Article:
EFCC Breaks World Record, Uncovers $200 Million ‘Stolen’ Property In Buhari’s Office
According to sources, the EFCC spent months to trace the $200 million, which was allegedly remitted into a CBN account, before the property was acquired.
The breakdown of the remittances by the five companies is as follows: Julius Berger ($35m); Siemens (Euros 30m); Snamprogetti ($30m); Halliburton Energy Services ($32,500,000); and Japan Gasoline Corporation ($26, 500,000).
While making the shocking revelation as reported by The Nation Newspaper, an EFCC source said: “One of the five suspects interrogated by our team, indicated that the cash was used to buy a customized security helicopter for ex-President Goodluck Jonathan.”
The suspect added, that the helicopter is still in Buhari’s presidential fleet.
A former Minister of Finance, is currently under investigation for releasing the cash to the Office of the National Security Adviser, ONSA, which was then headed by the late General Owoye Azazi.
The source added: “We have made substantial progress in locating the remittance of the fines into an account in the Central Bank of Nigeria, CBN, but the cash was withdrawn under the guise of security funding.
“But it was not clear if the N81.4billion was spent on the helicopter, or part of it. We are trying to find out the cost of the helicopter from the manufacturer. Preliminary findings confirmed that the helicopter could not have cost up to N1 billion to N2 billion.”
About $12 million (N3.960 billion) was collected as legal fees by five Lawyers who the EFCC has questioned. The Lawyers are a former President of the Nigerian Bar Association (NBA), J. B. Daudu (SAN); Damian D. Dodo (SAN); Godwin Obla (SAN); E.C. Ukala (SAN); and Roland Ewubare.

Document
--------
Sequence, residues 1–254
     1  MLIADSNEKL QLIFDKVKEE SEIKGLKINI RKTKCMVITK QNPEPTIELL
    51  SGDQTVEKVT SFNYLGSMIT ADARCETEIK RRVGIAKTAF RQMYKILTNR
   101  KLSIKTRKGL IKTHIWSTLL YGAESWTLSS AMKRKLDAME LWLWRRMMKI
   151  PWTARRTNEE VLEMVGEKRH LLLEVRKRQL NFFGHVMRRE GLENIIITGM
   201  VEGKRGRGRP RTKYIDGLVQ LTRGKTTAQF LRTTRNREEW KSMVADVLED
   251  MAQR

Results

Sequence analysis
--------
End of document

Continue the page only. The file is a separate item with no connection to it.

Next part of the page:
They defended the payment of legal fees, as part of the clause in the agreement for the recovery of the $200 million. They said it was akin to a similar agreement on the Pfizer drug test scandal in Kano State, where Lawyers were paid professional fees for their legal services.
Responding to question, the source revealed; “We also discovered that a former Minister of Finance ordered the release of the fines to ONSA for ‘strange’ security purposes, including the customised helicopter.
“We will also demand records from ONSA, if the cash was actually remitted, and the actual cost of the security helicopter,” the source said.
The source however, claimed that the EFCC investigators might also look at whether or not, the fines were commensurate with the offence committed.
They will also examine why Nigeria, the main victim of the $180 million Halliburton scam, got only $200 million fine.
“The U.S. government was paid about $1.5 billion fine by Halliburton, apart from the jailing of the facilitator of the bribe, a UK Lawyer, Jeffery Tesler.
No Nigerian involved in the scandal has been successfully tried by any court in the country.
Former EFCC Chairman, Nuhu Ribadu, in February 2016, addressed a forum in Germany, where he expressed regrets that the Halliburton scandal was frustrated.